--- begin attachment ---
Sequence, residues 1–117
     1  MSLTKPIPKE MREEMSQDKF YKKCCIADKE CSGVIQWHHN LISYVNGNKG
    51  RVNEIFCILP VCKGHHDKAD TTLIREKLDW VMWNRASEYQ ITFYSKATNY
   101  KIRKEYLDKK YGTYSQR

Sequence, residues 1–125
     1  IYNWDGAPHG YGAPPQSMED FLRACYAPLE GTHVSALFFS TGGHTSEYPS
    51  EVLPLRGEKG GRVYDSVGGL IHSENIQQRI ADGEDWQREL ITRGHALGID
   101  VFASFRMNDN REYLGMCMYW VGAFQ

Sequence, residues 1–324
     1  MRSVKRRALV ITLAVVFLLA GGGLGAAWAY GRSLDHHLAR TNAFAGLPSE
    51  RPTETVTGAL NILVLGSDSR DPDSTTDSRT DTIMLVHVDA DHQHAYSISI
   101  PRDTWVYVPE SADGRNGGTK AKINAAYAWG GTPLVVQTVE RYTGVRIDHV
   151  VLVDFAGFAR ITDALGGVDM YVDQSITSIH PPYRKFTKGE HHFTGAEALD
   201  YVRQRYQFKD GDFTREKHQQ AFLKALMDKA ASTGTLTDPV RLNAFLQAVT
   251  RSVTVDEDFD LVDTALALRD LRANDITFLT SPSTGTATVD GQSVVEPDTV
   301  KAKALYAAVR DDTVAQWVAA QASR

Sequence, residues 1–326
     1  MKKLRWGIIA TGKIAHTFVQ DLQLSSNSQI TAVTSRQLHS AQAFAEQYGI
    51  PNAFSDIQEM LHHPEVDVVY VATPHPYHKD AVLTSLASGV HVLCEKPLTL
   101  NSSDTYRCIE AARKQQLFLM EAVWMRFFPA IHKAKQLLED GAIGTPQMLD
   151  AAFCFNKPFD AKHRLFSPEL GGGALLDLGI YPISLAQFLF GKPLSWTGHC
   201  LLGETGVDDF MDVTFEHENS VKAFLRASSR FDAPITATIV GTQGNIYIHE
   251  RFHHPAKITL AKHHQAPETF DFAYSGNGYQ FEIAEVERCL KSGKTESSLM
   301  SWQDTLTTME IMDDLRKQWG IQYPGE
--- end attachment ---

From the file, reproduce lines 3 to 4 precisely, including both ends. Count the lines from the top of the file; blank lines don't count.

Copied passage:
    51  RVNEIFCILP VCKGHHDKAD TTLIREKLDW VMWNRASEYQ ITFYSKATNY
   101  KIRKEYLDKK YGTYSQR